George Galloway's radio show breached impartiality rules during discussions on the Labour Party and anti-Semitism, a watchdog has ruled.
On his show, he said anti-Semitism claims against Jeremy Corbyn were "bogus" and had materialised because of the Labour leader's "success".
Ofcom found two TalkRadio phone-in shows "failed to give due weight" to a "wide range of views" on the subject.
Former MP Mr Galloway said public money had been wasted on Ofcom's inquiry.
TalkRadio said it accepted Mr Galloway "crossed the line... on this occasion".
Ofcom is considering "the imposition of statutory sanction" over the "serious breaches", which could include a fine.
Mr Galloway's show previously breached impartiality rules when discussing the Salisbury poisonings.
Ofcom investigated Mr Galloway's shows on 27 July and 6 August after receiving one complaint for each over impartiality.
One listener complained that the 27 July programme had been "completely" biased about claims of anti-Semitism in the Labour Party.
While another complained there had been nobody featured in the 6 August programme who disagreed with Mr Galloway's views on anti-Semitism in the Labour Party.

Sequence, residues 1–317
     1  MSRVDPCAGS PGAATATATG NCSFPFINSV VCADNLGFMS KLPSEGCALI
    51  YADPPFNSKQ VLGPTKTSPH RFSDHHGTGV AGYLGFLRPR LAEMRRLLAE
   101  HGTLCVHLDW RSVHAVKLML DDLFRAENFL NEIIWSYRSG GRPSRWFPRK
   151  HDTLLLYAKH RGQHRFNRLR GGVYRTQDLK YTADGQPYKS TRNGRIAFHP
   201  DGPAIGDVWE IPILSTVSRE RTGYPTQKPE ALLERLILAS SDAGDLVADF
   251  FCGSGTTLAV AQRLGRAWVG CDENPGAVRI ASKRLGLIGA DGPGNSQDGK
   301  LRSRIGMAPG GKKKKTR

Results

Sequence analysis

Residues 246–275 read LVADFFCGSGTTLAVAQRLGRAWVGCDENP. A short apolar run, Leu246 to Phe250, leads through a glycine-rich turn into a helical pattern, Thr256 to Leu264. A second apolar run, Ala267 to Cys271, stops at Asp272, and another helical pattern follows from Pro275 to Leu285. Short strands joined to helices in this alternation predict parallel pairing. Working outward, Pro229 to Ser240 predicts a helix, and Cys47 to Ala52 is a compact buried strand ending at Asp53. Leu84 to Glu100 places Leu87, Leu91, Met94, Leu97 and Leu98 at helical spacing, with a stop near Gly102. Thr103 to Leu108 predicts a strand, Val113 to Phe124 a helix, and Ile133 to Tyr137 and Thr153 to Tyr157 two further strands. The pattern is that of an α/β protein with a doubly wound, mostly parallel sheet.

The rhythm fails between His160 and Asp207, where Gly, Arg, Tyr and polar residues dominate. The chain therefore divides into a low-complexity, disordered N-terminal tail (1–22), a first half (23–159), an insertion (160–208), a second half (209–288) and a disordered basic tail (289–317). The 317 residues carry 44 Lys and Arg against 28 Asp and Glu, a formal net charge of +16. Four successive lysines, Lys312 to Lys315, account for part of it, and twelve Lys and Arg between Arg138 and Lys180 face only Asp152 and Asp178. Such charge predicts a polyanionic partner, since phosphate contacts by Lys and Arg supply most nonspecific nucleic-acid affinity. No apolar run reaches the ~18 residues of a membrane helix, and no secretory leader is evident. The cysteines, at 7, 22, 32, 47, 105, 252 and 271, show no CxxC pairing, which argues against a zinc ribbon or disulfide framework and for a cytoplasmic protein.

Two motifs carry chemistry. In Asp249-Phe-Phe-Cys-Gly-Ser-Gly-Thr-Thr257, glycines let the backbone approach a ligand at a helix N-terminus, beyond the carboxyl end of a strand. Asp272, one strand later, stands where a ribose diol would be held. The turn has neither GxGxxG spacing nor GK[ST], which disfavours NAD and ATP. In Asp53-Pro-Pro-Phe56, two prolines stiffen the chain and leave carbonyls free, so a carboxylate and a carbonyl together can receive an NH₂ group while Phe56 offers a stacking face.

Ofcom said Mr Galloway, an ex-Labour and Respect MP, had made "frequent statements" that had been supportive of Mr Corbyn and concerned various criticisms of the leader in relation to anti-Semitism.
During his show, Mr Galloway said "on one level" the anti-Semitism accusations surrounding the Labour leader had been "because of Jeremy Corbyn's astounding success".
He described the claims of anti-Semitism as "an onslaught" launched at the precise moment Mr Corbyn's polling had improved and said this was about "destroying Jeremy Corbyn's potential to be Britain's prime minister".
Hosting phone-ins, Mr Galloway called the sender of a text who disagreed with his views an "ignorant woman" and another a "gutless coward".
The watchdog found that while it was legitimate to broadcast programmes in support of Mr Corbyn, principles of balance had to be maintained.
"Our investigation found that these phone-in programmes breached our due impartiality rules," an Ofcom spokesman said.
"They failed to give due weight to a sufficiently wide range of views on allegations of anti-Semitism within the Labour Party."
In response, Mr Galloway said Ofcom should be "investigated for this quite scandalous waste of public money purchased by a single complainant".
"I am proud of my performance on this particular radio show," he said. "The people who should be ashamed are Ofcom and its single complainant."
A TalkRadio representative said: "You expect robust opinions from George Galloway but we accept that on this occasion he crossed the line.
"As a station we understand the need for dissenting voices with a range of counter-opinions."